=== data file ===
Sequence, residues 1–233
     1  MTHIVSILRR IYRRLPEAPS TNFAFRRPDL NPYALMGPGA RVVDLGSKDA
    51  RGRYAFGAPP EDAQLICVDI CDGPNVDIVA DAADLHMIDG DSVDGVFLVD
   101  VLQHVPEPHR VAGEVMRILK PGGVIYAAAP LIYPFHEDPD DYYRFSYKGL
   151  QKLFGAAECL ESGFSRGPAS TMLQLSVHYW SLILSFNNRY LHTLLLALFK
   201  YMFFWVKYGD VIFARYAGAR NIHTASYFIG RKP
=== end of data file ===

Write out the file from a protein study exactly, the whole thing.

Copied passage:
Sequence, residues 1–233
     1  MTHIVSILRR IYRRLPEAPS TNFAFRRPDL NPYALMGPGA RVVDLGSKDA
    51  RGRYAFGAPP EDAQLICVDI CDGPNVDIVA DAADLHMIDG DSVDGVFLVD
   101  VLQHVPEPHR VAGEVMRILK PGGVIYAAAP LIYPFHEDPD DYYRFSYKGL
   151  QKLFGAAECL ESGFSRGPAS TMLQLSVHYW SLILSFNNRY LHTLLLALFK
   201  YMFFWVKYGD VIFARYAGAR NIHTASYFIG RKP